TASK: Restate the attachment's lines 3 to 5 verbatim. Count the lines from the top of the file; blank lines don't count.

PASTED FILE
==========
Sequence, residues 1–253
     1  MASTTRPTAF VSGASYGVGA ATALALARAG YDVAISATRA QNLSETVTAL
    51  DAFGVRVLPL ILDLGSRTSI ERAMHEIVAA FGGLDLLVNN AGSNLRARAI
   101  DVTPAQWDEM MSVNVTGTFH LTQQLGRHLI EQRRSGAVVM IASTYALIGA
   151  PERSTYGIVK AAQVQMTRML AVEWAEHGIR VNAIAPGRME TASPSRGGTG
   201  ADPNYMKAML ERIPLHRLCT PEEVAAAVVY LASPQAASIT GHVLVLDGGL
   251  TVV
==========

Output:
    51  DAFGVRVLPL ILDLGSRTSI ERAMHEIVAA FGGLDLLVNN AGSNLRARAI
   101  DVTPAQWDEM MSVNVTGTFH LTQQLGRHLI EQRRSGAVVM IASTYALIGA
   151  PERSTYGIVK AAQVQMTRML AVEWAEHGIR VNAIAPGRME TASPSRGGTG